Vol.2 No.39, 24 December 2002

What Next for the BIG Coalition?

By Norman Reynolds

The ANC has decided to reject the BIG – however unclear the statements thus far about an alternate “comprehensive” set of social and anti-poverty measures. As I understand the ANC announcement on the BIG, the ANC will talk to the “progressive forces” but only to tell them why it does not want the BIG. There is not much room granted for persuasion.

Having pursued a loyal “Taylor” approach, it is now time the BIG coalition took seriously other approaches than that set out in the Taylor Report. The difficulties of implementation and the severe timetable constraints that do exist, as was established in the “Administration” meeting three weeks ago, have armed the opposition and government with a reason for inaction. The BIG could yet disappear, at least for a long and socially and economically costly while!

The minutes of the Administration Conference ignore the point that I made a few times during the meeting. There are other ways to distribute the BIG or similar social grant. The most appropriate and with the highest developmental and communal benefits is through communities organised at village and street level so that South Africa becomes 840 councils and, say, some 50,000 social and economic community-based development societies. This avoids the problems with Home Affairs documents. It also acknowledges that the Constitution demands that citizens lead local development – for which there must be local organisation [1], rewards for doing so, and support systems.

Local Economic Development (the LED) is the country's biggest and desperate gamble to improve the local economy and to give citizens the Constitutional right to be the "actors" supported by local government. The LED, to work, has now to organise communities for developmental purposes. The two requirements can be brought together.

The Department of Local and Provincial Government could well emerge as the champion of a universal grant system. It would work (a) alongside Social Development for the "soft" grants including the BIG and a rethought Child Rights grant assembled at community level and run by all adults for all children and (b) alongside Public Works for the Community Budget / Work and Training Rights investment grant / loan that I now believe will come through, at least in a pilot phase. It should spread quickly once demonstrated in keeping with community organisation to receive and mange funds that are theirs by programme right.

A dual grant system and the community-based method of payment would immediately create the conditions for a basic economic right and for two vital local functions.

The economic right is so basic it does appear in the Constitution. It is that communities would be “enabled” (a more active verb that empowered) by granting them (1) the fundamental economic right to know the resources available and the conditions that attach to different funding sources, as enjoyed by business, agencies and most households that have regular incomes. Communities can then (2) explore the opportunity costs of different investment / maintenance options and (3) can plan to invest in a sequence over time.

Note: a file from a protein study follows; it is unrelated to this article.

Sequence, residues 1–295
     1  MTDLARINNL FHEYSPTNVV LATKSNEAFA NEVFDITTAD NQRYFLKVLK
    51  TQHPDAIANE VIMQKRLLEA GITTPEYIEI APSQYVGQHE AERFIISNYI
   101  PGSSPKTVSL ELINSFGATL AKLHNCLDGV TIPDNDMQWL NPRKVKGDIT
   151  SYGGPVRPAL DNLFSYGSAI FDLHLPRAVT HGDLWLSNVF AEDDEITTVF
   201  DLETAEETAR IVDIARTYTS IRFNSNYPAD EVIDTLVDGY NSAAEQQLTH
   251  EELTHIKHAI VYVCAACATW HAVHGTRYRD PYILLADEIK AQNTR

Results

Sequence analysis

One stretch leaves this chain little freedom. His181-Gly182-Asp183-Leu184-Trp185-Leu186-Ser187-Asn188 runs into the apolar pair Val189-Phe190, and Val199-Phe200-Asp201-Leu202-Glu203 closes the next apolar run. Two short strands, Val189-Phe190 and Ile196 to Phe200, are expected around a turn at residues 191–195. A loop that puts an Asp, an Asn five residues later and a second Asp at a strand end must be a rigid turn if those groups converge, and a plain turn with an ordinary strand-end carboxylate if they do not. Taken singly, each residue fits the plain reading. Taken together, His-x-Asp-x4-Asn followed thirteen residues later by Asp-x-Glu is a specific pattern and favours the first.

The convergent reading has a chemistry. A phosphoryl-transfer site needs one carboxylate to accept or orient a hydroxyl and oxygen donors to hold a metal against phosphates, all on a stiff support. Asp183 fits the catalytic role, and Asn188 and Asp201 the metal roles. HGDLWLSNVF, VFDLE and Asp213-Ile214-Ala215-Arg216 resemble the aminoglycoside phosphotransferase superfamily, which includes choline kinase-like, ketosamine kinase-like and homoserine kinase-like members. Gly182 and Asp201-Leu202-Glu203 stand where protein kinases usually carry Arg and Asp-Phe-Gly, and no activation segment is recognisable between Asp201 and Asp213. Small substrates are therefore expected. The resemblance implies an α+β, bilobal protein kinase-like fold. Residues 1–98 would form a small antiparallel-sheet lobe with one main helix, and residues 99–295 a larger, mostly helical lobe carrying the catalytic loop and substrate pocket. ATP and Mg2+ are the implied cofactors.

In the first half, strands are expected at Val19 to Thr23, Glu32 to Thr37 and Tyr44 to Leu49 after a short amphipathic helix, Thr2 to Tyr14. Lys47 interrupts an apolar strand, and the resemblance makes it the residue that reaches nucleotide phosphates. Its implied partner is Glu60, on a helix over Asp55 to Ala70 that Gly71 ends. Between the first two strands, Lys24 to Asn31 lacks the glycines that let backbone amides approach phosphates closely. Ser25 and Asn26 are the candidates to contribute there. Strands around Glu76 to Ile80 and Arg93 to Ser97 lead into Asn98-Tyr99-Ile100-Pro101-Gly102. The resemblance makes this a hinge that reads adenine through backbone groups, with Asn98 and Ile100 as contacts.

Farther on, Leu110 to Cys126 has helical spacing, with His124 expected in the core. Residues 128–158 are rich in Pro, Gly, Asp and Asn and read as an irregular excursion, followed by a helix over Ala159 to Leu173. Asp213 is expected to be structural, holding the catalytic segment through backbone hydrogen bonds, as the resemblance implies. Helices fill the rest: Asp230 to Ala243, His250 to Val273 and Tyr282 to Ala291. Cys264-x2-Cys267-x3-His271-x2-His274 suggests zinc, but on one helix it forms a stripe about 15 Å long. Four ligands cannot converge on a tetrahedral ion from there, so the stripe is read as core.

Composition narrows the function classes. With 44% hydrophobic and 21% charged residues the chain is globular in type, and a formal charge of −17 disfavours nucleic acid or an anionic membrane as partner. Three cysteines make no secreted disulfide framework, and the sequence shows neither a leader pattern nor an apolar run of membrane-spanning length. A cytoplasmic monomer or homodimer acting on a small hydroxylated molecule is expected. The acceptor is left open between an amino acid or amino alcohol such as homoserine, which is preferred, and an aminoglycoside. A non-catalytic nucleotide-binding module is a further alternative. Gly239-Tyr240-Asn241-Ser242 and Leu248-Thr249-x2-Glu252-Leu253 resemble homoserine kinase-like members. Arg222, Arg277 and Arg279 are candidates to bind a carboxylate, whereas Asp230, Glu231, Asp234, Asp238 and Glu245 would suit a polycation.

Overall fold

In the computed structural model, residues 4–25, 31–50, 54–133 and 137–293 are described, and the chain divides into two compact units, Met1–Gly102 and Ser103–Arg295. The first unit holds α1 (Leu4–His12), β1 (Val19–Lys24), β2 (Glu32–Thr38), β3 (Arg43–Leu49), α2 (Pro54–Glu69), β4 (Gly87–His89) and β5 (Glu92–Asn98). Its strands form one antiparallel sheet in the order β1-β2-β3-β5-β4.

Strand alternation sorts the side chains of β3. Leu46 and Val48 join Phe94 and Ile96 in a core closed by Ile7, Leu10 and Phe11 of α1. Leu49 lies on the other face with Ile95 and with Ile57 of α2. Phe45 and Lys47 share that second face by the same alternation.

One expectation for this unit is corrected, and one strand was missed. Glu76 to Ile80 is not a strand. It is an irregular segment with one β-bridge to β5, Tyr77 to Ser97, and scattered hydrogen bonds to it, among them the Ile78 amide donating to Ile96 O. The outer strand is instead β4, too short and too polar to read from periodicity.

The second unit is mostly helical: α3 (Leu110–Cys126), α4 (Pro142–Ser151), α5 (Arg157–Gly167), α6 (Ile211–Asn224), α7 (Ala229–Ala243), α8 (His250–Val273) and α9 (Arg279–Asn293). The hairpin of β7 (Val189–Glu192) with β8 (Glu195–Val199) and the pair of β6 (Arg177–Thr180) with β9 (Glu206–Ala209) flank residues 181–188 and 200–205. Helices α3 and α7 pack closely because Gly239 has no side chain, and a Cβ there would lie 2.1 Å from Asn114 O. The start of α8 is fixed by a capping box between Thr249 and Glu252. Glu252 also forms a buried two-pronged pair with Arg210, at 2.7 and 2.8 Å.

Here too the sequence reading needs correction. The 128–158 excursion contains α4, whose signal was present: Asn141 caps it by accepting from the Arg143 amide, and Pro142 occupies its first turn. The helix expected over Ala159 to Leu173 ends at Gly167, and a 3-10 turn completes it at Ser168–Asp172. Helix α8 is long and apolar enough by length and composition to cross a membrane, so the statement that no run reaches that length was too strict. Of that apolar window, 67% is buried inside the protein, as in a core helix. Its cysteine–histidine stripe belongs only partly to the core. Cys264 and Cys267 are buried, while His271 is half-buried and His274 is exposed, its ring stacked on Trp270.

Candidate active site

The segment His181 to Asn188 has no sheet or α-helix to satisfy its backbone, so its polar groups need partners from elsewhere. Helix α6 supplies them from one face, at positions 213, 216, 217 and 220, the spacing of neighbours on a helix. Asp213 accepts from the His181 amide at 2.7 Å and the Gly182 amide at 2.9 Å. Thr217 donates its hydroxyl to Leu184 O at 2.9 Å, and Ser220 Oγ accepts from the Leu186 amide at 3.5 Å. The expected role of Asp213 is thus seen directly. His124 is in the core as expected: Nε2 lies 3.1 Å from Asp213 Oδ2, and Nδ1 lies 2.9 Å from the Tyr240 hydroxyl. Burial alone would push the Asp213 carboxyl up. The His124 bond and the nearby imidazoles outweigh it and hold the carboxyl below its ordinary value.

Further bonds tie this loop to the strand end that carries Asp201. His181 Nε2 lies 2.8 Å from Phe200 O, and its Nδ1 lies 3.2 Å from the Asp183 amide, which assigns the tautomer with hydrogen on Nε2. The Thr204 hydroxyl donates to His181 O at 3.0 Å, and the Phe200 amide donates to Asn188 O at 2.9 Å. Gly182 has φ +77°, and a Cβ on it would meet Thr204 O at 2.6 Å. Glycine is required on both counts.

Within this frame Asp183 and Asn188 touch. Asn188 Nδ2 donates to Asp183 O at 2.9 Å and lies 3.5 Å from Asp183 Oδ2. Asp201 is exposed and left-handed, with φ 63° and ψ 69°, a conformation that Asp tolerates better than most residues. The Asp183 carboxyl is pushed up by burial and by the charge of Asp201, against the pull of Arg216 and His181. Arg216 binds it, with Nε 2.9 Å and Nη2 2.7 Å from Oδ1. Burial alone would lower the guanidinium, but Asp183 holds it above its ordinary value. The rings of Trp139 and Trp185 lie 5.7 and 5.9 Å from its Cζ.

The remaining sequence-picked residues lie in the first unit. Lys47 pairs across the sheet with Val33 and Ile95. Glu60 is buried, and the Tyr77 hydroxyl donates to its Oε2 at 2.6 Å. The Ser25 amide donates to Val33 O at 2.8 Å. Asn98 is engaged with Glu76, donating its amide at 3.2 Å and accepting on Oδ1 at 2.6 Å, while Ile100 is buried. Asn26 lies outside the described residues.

The two local functions that follow on are:

All and more can be won by taking seriously the principles and economic arguments of the Taylor Committee but by not sticking to its very "thin" implementation proposals that are muddled and wrong (the confusion of ends and means that is the Child Support Grant), that pose numerous implementation delays (individual bank accounts) and thus have left the BIG high and dry.

By listening to what government is trying (and should be further encouraged) to achieve, and by batting for community as the local working unit of society, the BIG coalition can help government find out not the usual “what to do” but the all important and somewhat rare “how to do”. That has to be a more constructive form of engagement with vast civil society opportunities to serve built into it.

The BIG remains the right set of principles, notably a universal grant, but in implementation terms it is just a piece of a puzzle. In this sense the ANC decision is right. The BIG’s proponents must bounce back with the adaptations that gain the equivalent of the BIG (even the BIG itself) within a suite of programmes suited to our conditions, levels of poverty and state local development aims (already in crisis) which, most crucially, tackle the horrific degree of inactivity in all local economies. These are the marginalised areas which house most citizens, nearly all the poor and which today hold the unemployed as economic prisoners. A bigger BIG is needed and awaits urgent attention.

[1] There is in place a reform of the unorganised village into Community Trust (democratic property) Companies owned equally by all adults. The same model would hold for street and neighbourhood bodies in urban areas

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